Oct 04, 2023
FDA to Regulate Lab Developed Tests (LDTs) as Early as 2025
“In FDA’s experience, including with COVID-19 tests and IVDs that are offered as LDTs after FDA’s approval of a comparable companion diagnostic, many test systems made by laboratories today are functionally the same as those made by other manufacturers of IVDs. They involve the same materials and technologies, are intended for the same or similar purposes, are developed by and for individuals with similar expertise, and are marketed to the same patients, sometimes on a national scale.”
That statement, taken from a proposed rule issued by the US Department of Health and Human Services on September 29, 2023, sets the stage for US FDA to finally take the lead in regulating Laboratory Developed Tests, commonly known as LDTs.
Here’s a quick recap on how we got here. For decades, FDA has taken a relatively hands-off approach, choosing to exercise “enforcement discretion” over LDTs. The traditional thinking has been that LDTs were created for simple tests for low-risk conditions and are generally safe. Now FDA wants to enforce the existing FD&C Act and QSR requirements which would require that most LDTs go through the same classification and registration process as other medical devices and necessitating a more robust Quality Management System (QMS) than prescribed by CLIA regulations.
Times have changed . . . the LDT industry has grown in scope and complexity
FDA takes great pains to argue that the LDT industry has changed dramatically in complexity and size and the current enforcement discretion previously applied is no longer tenable. New technologies are being employed and personalized medicine has driven the development of more LDTs that are increasingly complex, and made available on a broader scale. There are also more increasingly higher-risk clinical decisions being made from LDT products. FDA highlights particular concerns about LDTs used for use in determining cancer treatments. In addition, drug-specific LDTs, aka companion diagnostics, have proliferated, providing more “personalized” medicine options.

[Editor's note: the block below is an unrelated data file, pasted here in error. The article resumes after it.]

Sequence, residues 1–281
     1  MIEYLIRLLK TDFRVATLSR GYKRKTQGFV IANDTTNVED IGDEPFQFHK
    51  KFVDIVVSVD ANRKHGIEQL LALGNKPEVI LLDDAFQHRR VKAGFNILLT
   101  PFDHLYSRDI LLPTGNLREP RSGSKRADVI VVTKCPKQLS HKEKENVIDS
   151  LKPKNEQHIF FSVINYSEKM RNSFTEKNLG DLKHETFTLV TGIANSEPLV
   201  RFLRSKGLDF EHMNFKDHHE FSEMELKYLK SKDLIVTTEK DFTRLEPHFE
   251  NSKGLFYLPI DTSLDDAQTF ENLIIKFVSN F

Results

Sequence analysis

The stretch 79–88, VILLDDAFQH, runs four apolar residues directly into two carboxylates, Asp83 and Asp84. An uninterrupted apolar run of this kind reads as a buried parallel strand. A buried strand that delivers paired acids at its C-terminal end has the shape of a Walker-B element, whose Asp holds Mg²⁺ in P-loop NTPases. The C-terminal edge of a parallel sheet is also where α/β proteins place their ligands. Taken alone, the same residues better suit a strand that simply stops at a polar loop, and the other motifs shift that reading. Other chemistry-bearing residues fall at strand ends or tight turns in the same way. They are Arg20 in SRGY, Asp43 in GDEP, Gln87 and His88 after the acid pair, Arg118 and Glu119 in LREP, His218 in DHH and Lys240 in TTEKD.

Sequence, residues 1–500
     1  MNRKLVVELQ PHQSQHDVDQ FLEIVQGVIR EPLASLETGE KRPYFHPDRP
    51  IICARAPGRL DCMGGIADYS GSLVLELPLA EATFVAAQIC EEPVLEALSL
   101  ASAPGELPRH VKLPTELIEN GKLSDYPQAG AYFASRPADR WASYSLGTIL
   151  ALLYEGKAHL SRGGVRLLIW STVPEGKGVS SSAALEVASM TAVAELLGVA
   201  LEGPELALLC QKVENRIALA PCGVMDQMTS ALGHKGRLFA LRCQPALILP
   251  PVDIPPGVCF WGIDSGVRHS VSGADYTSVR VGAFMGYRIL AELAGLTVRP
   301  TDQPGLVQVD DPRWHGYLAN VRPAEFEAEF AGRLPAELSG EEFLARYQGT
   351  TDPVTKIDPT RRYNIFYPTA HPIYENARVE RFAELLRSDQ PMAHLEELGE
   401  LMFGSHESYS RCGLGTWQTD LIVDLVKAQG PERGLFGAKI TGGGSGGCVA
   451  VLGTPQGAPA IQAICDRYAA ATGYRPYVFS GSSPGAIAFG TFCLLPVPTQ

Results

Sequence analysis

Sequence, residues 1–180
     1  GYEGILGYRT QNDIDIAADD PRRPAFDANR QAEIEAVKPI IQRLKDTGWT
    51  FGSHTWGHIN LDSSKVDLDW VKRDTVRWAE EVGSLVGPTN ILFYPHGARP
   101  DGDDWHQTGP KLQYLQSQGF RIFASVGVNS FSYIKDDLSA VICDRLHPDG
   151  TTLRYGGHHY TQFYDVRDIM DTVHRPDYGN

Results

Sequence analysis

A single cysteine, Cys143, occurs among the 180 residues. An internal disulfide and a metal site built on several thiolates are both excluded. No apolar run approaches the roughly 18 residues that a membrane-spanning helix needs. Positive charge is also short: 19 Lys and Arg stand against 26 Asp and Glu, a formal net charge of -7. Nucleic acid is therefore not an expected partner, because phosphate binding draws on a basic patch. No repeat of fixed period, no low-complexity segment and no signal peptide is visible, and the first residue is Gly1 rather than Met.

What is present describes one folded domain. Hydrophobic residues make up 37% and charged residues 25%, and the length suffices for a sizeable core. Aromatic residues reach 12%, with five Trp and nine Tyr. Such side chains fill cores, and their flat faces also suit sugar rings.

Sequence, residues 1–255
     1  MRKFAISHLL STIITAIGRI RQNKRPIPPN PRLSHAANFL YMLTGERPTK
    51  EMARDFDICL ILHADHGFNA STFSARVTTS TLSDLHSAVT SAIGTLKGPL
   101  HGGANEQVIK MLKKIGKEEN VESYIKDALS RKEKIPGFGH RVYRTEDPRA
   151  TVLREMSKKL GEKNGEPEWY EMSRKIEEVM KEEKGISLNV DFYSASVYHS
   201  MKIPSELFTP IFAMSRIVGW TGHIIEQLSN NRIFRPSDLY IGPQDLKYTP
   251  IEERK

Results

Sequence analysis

FDA estimates that 50% of LDTs will require premarket review
According to an exhaustive FDA Regulatory Impact Analysis (RIA) published on September 29, 2023, roughly half of all lab developed tests will be subject to premarket review, including 510(k) and PMA. FDA readily admits that they “do not know the exact number of laboratories or IVDs offered as LDTs that would be affected by this proposed rule” but a 2021 report from the Pew Charitable Trust (based on FDA CLIA database) estimates there are roughly 12,000 CLIA-certified labs performing high complexity testing. Using data from New York State, FDA estimates that roughly 600 to 2,400 labs are certified under CLIA and currently manufacturing IVDs offered as LDTs. To put that in perspective, FDA estimates that these labs are manufacturing an average of 67 tests per lab, or 40,000 to 160,000 tests in total! That does not even account for new tests being introduced.
When will FDA start regulating Lab Developed Tests (LDT)?
FDA anticipates that premarket review will only be required for certain tests (generally those classified into class II or class III) and is expected to impact only 50% of the IVD market. As outlined in the October 2023 proposed rule, FDA has proposed a staged approach to regulating LDTs starting after the final rule is published in the Federal Register. The stages are shown below:
FDA’s main gripes about LDTs